If you google circumcision, you will see that there is a debate in the medical community over circumcision. Should it be allowed or prohibited? Should it be encouraged or discouraged? Complicating the issue is the fact that some people practice circumcision for religious reasons. What does the Bible say about circumcision? What are the religious implications? Is it something we should practice today?
Circumcision is mentioned over 80 times in the Bible. It is first mentioned in Genesis 17 in connection with a covenant between God and Abram. (A covenant was a legal agreement between two parties.) Let’s look at the terms of this covenant and how circumcision is connected to it, and then we will consider if it is something we need to do today.
What do the following verses tell us about the terms of the covenant?
Gen. 17:1 ¶ Now when Abram was ninety-nine years old, the LORD appeared to Abram and said to him, “I am God Almighty; Walk before Me, and be blameless.
Gen. 17:2 “I will establish My covenant between Me and you, And I will multiply you exceedingly.”
Gen. 17:3 Abram fell on his face, and God talked with him, saying,
Gen. 17:4 “As for Me, behold, My covenant is with you, And you will be the father of a multitude of nations.
Gen. 17:5 “No longer shall your name be called Abram, But your name shall be Abraham; For I have made you the father of a multitude of nations.
Gen. 17:6 “I will make you exceedingly fruitful, and I will make nations of you, and kings will come forth from you.
Gen. 17:7 “I will establish My covenant between Me and you and your descendants after you throughout their generations for an everlasting covenant, to be God to you and to your descendants after you.
Gen. 17:8 “I will give to you and to your descendants after you, the land of your sojournings, all the land of Canaan, for an everlasting possession; and I will be their God.”
As part of the covenant, God made three promises:
- Abram would have a multitude of descendants.
- Yahweh would be the God of Abram’s descendants.
- Abram’s descendants would possess the land of Canaan.
Next, God told Abram about Abram’s responsibility under this covenant. Notice the words “circumcision” and “sign”.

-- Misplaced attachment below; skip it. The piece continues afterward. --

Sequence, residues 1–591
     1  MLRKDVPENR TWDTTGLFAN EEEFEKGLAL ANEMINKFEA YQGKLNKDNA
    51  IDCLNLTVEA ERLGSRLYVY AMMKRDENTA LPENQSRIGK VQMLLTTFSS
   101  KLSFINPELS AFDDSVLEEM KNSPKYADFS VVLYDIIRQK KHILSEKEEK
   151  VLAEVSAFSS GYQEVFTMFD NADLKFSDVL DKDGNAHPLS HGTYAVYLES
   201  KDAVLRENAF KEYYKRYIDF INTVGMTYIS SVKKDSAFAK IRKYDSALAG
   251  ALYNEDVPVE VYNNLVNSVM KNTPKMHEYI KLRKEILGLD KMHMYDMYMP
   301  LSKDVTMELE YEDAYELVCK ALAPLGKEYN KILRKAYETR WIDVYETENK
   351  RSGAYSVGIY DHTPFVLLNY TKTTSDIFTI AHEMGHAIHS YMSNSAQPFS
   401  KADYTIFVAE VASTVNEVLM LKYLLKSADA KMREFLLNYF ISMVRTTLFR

Gen. 17:9 ¶ God said further to Abraham, “Now as for you, you shall keep My covenant, you and your descendants after you throughout their generations.
Gen. 17:10 “This is My covenant, which you shall keep, between Me and you and your descendants after you: every male among you shall be circumcised.
Gen. 17:11 “And you shall be circumcised in the flesh of your foreskin, and it shall be the sign of the covenant between Me and you.
Gen. 17:12 “And every male among you who is eight days old shall be circumcised throughout your generations, a servant who is born in the house or who is bought with money from any foreigner, who is not of your descendants.
Gen. 17:13 “A servant who is born in your house or who is bought with your money shall surely be circumcised; thus shall My covenant be in your flesh for an everlasting covenant.
Gen. 17:14 “But an uncircumcised male who is not circumcised in the flesh of his foreskin, that person shall be cut off from his people; he has broken My covenant.”
Abram and all his male descendants were required to be circumcised. Circumcision would identify them as being part of God’s covenant. Notice that anyone who was not a descendant of Abram was not required to practice circumcision.
God also told Abram that the covenant would be established with Isaac.
Gen. 17:15 ¶ Then God said to Abraham, “As for Sarai your wife, you shall not call her name Sarai, but Sarah shall be her name.
Gen. 17:16 “I will bless her, and indeed I will give you a son by her. Then I will bless her, and she shall be a mother of nations; kings of peoples will come from her.”
Gen. 17:17 Then Abraham fell on his face and laughed, and said in his heart, “Will a child be born to a man one hundred years old? And will Sarah, who is ninety years old, bear a child?”